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Want to stay on the right side of the law? We support businesses and public authorities and help them to promote good practice.
 
 

Model Policies

for employers

What you need to know

 

Model Policies and Procedures

To become an equal opportunities employer, a good starting point is to develop a number of key employment policies and procedures that will help to show your commitment to the principle and which will provide clear guidance to your managers and employees as to how you wish and expect them to behave.

To help you to get started, the Commission has drafted some examples of key policies that we hope you find useful in reviewing and adopting to suit your own circumstances. These are our “model” policies and procedures and they outline the main statements of principle and procedures that we believe such documents should contain. They are as follows:

 



Is it obligatory to have policies and procedures like our examples above?

The short answer is “no”: there is no statutory legal obligation on you to have these policies and procedures. However, we strongly recommend that you have policies and procedures that cover each of the areas as indicated above.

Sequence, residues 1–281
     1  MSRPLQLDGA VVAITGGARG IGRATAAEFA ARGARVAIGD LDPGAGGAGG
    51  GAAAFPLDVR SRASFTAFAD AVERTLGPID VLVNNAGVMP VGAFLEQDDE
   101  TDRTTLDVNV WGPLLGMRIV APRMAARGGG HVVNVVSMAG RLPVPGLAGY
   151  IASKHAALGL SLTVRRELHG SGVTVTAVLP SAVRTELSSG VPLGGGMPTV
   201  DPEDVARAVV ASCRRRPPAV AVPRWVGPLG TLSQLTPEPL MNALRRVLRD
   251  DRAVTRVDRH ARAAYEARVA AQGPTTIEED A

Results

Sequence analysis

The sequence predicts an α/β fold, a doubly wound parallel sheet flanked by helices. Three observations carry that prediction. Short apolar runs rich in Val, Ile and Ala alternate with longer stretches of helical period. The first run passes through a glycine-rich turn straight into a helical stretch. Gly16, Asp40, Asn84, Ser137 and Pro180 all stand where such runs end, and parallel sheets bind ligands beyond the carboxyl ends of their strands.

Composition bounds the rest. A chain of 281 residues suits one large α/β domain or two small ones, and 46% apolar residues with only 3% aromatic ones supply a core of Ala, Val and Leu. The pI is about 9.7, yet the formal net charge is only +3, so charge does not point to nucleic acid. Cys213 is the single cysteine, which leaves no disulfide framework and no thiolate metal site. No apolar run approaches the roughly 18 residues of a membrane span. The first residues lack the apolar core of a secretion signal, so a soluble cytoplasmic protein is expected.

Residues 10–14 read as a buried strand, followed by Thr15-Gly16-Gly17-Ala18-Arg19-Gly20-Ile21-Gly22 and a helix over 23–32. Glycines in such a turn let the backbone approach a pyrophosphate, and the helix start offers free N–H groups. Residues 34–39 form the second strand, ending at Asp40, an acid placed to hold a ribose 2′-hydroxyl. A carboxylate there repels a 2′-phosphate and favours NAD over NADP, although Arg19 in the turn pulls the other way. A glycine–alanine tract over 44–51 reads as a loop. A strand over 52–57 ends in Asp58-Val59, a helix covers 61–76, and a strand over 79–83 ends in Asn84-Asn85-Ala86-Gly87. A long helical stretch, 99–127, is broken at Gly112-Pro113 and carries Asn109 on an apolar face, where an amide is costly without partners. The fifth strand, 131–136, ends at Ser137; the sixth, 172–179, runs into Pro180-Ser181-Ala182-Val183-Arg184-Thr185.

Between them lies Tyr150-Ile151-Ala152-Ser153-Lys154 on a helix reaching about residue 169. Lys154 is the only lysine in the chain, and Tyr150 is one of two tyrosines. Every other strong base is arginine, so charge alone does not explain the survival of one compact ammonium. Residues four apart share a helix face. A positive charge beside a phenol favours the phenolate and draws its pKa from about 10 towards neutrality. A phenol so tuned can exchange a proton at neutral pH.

Example 1: in the event that a job applicant or one of your employees brings a discrimination complaint against you in an industrial tribunal, if you try to defend yourself on the basis that you are an equal opportunities employer, you may find it difficult to persuade the tribunal to accept your claim if you have not adopted any of the key employment policies and procedures.

Example 2: when applying for tenders to provide goods and services to public authorities, you are likely to be asked whether you are an equal opportunities employer. One of the main ways of putting yourself in the position to be able to answer “yes” to that question is to show that you have adopted the key employment policies and procedures. In some tendering exercises
you may be asked to submit a copy of your Equal Opportunities Policy with your application.

Example 3: a common characteristic of equal opportunities employers is that they are likely to help their employees to develop their full potential, fully utilising their talents and resources to maximise the efficiency of their businesses. Being an “equal opportunities employer” also helps to attract the best talent available when recruiting staff.
 

  • Download our latest employment equality law update (April 2016, pdf, 2.46mb) - This newsletter is produced by the Equality Commission and the Labour Relations Agency and focuses on equality and employment law from a Northern Ireland perspective.



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